• C++ interface to Lua for Kyua

    Finally! After two weeks of holidays work, I have finally been able to submit Kyua's r39: a generic library that implements a C++ interface to Lua. The code is hosted in the utils/lua/ subdirectory.From the revision description:The utils::lua library provides thin C++ wrappers around the Lua C API to ease the interaction between C++ and Lua. These wrappers make intensive use of RAII to prevent resource leakage, expose C++-friendly data types, report errors by means of exceptions and ensure that the Lua stack is always left untouched in the face of errors. The library also provides a place (the operations module) to add miscellaneous utility functions built on top of the wrappers.In other words: this code aims to decouple all details of the interaction with the Lua C API from the main code of Kyua so that the high level algorithms do not have to worry about Lua C API idiosyncrasies.Further changes to Kyua to implement the new configuration system will follow soon as all the basic code to talk to Lua has been ironed out. Also expect some extra posts regarding the design decisions that went on this helper code and, in particular, about error reporting as mentioned in the previous post.(Yep, Lua and Kyua sound similar. But that was never intended; promise!) [Continue reading]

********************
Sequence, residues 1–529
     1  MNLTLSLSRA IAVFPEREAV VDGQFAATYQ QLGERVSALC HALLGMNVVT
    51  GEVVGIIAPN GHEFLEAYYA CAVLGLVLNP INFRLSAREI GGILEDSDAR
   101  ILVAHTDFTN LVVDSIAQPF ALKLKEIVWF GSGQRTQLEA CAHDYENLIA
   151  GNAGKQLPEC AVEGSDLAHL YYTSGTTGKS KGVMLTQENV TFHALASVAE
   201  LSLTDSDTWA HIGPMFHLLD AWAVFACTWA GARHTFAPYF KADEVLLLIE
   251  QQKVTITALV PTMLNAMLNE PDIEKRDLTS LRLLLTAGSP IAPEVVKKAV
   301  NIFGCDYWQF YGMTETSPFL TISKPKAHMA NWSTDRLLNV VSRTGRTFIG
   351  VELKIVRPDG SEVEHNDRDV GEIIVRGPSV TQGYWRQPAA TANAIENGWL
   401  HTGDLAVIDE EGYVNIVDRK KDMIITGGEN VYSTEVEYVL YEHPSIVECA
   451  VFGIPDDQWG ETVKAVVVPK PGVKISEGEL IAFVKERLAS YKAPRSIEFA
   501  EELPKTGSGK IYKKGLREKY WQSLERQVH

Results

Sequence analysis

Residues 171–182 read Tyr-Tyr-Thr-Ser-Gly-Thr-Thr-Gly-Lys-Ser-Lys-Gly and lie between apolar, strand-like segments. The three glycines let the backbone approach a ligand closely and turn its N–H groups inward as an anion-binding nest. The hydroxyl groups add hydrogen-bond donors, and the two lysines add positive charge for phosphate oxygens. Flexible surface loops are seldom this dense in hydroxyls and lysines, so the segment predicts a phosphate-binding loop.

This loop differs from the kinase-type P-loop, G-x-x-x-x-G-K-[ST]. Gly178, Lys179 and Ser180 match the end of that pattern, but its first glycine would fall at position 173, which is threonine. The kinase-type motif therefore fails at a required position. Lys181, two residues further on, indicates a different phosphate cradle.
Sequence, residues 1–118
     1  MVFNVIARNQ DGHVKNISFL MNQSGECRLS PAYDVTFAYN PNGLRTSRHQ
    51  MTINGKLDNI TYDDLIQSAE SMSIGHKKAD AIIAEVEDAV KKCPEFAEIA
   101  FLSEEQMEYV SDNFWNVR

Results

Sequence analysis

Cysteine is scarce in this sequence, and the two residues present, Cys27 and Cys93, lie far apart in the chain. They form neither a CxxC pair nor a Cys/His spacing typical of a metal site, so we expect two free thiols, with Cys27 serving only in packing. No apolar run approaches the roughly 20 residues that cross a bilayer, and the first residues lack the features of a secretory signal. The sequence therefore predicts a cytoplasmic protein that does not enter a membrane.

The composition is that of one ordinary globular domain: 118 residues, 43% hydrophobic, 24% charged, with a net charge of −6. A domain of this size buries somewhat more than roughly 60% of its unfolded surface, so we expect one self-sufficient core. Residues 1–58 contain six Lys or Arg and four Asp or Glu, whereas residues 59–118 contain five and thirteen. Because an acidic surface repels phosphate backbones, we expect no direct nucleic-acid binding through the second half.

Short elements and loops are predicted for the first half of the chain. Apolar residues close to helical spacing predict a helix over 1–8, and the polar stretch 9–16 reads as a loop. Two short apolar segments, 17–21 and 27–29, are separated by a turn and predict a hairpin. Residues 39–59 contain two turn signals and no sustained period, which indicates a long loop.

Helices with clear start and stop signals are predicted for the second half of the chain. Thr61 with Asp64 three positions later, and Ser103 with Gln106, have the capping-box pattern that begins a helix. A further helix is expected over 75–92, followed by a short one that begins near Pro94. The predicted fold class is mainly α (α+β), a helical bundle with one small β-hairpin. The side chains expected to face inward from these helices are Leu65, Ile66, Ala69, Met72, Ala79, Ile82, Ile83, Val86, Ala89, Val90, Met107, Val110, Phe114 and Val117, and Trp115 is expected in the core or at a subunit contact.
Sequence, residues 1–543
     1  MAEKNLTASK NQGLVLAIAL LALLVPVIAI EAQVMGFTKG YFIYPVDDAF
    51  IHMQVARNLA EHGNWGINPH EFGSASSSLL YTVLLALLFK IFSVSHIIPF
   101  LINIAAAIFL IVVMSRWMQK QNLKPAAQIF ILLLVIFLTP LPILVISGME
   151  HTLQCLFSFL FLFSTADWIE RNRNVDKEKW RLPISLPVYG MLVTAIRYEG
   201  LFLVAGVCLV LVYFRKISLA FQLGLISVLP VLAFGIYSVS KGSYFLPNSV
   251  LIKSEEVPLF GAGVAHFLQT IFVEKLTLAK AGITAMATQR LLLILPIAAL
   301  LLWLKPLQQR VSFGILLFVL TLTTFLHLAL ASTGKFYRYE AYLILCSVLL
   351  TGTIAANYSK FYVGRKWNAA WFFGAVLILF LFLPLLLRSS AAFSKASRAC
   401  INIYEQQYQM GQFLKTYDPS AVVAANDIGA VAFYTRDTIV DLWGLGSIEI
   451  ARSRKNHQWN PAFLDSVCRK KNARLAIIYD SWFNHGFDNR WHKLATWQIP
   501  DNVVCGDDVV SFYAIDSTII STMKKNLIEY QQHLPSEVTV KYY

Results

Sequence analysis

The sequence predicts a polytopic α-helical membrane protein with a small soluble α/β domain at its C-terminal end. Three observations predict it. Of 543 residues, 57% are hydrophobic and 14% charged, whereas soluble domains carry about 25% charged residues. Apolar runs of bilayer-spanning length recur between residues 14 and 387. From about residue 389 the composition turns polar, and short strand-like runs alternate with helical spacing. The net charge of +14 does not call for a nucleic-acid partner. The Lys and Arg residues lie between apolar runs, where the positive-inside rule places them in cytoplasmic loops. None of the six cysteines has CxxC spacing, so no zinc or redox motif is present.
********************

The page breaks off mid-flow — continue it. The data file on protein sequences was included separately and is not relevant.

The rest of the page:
• Error handling in Lua